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Apologize for Calling My Top Staffer a 'B----', Council Watchdog Tells Ald.

By Benjamin Woodard | November 4, 2014 3:39pm
 City Council watchdog Faisal Khan (r.) demanded an apology from Ald. Joe Moore Tuesday after the 49th Ward alderman allegedly called Khan's top assistant a "b----."
City Council watchdog Faisal Khan (r.) demanded an apology from Ald. Joe Moore Tuesday after the 49th Ward alderman allegedly called Khan's top assistant a "b----."
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ROGERS PARK — City Council watchdog Faisal Khan demanded an apology from Ald. Joe Moore Tuesday after the 49th Ward alderman allegedly called Khan's top assistant a "b----."

Kelly Tarrant, Khan's chief of staff, also posted publicly to Facebook demanding an apology from Moore after he allegedly used the term to describe her after a committee meeting Monday at City Hall.

Moore declined to comment, saying in an email, "I graduated high school nearly 40 years ago. No need to relive it."

Tarrant said in a phone interview Tuesday from the Office of the Legislative Inspector General that she and her colleagues had been attending a meeting of the Rules Committee when Moore approached her group and even shook her hand. According to a recording of the encounter provided by Tarrant, Moore then said, "Assassinate any characters ... ?"

 City Council watchdog Faisal Khan demanded an apology from Ald. Joe Moore Tuesday after the 49th Ward alderman allegedly called Khan's top assistant, Kelly Tarrant, a "b----."
City Council watchdog Faisal Khan demanded an apology from Ald. Joe Moore Tuesday after the 49th Ward alderman allegedly called Khan's top assistant, Kelly Tarrant, a "b----."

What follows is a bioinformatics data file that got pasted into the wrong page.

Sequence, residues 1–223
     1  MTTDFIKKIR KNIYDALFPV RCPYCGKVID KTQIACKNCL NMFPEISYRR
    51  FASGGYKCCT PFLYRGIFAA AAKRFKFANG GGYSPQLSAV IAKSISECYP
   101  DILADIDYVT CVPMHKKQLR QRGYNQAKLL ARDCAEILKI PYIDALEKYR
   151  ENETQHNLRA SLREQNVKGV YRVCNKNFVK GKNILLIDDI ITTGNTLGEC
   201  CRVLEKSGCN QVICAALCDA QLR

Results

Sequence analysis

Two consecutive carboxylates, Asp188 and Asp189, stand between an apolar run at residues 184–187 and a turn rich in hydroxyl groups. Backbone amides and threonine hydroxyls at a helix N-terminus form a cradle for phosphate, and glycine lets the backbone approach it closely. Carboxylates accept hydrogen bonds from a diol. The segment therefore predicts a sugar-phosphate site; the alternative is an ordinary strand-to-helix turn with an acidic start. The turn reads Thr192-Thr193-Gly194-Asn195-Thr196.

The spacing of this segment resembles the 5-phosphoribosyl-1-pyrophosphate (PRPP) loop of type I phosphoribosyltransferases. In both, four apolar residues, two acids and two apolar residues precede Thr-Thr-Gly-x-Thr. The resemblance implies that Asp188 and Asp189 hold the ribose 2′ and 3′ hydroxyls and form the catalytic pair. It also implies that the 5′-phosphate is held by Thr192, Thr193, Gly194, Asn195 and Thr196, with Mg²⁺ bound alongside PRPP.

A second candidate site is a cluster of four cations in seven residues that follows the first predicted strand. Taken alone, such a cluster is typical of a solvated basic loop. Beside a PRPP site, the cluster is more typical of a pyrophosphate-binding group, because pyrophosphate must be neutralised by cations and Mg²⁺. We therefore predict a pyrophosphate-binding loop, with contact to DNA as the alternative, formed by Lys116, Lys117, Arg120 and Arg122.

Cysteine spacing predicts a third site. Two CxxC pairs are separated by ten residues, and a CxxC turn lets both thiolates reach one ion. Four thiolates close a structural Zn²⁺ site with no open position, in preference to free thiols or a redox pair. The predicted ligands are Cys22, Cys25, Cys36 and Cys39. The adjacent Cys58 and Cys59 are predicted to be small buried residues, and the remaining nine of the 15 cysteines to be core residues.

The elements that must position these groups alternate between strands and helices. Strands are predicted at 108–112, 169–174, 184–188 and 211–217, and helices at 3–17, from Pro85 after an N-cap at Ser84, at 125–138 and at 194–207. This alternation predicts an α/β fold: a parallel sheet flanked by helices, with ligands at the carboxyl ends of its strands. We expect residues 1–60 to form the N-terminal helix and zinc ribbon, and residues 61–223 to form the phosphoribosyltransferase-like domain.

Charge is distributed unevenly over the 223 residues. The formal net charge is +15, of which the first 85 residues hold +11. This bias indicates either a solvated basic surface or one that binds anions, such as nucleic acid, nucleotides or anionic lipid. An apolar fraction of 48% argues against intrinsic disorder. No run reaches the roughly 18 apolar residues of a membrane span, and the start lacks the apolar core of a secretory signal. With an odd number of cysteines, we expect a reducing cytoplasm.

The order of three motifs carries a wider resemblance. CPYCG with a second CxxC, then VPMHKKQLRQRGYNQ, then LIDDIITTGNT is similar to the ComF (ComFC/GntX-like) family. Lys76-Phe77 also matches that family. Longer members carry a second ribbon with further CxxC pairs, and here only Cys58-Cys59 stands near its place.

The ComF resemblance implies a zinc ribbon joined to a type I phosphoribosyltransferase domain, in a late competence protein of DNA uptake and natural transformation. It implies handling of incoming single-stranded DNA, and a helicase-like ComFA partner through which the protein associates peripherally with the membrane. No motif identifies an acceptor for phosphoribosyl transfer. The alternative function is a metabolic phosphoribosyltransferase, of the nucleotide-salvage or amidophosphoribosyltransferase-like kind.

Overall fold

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"He looked very angry and he walked away," she said.

Khan wasn't at the meeting, but Moore has had a troubled relationship with the watchdog's office.

Last year, Khan claimed Moore violated state ethics laws by paying more than $22,000 in severance to fired employees, including one who claimed the money was in exchange for her not speaking out about political work being done at Moore's office.

Moore later conceded that some campaign work had been done in the ward office, but denied wrongdoing.

"I have done nothing wrong, and have always done my best to serve the 49th Ward and City of Chicago ethically, transparently and responsibly," Moore said at the time.

He later accused Khan's office of a "lack of professionalism" because it didn't give him the chance to respond to the charges before they were made public.

At the end of the committee meeting Monday, Tarrant said, Moore was speaking with her office's attorney when he referred to Tarrant as a "b----." Another aide to Kahn, who wished to remain anonymous because she had been conducting an investigation in the 49th Ward, said in an interview that she heard Moore use the derogatory term to describe Tarrant.

"It’s a shame," Tarrant said. "I don’t know him. I don’t know what he’s going through. I don’t know why he has hatred for someone he doesn’t know personally."

Tarrant said she was going to let it go, but then at the urging of her colleagues decided to publicly ask for an apology, which she posted to her Facebook page.

"You should be ashamed of yourself and I, as do all women in Chicago, expect an apology for that insulting and offensive characterization of me," she wrote.

Khan also issued a statement also asking for an apology from Moore.

"Unfortunately, these comments are not surprising from an individual who unfailingly uses name calling to counter adversity or criticism, or engage in meaningful discourse," Khan said.

Khan said his office "had taken the high road in response to Mr. Moore’s petulant and churlish antics," but Monday's comment to his assistant went too far.

"This time however, he owes Ms. Tarrant an apology," Khan said. "Any person who holds misogynistic views or thinks that this type of language is appropriate to use towards or either in reference to women, has no place being a public official."

Tarrant said when she went home Monday to her three daughters she told them what happened.

"This was a perfect example to let them know that the whole bullying thing exists,” even among adults, she said. "I would have thought by now we would have gotten over that whole thing."

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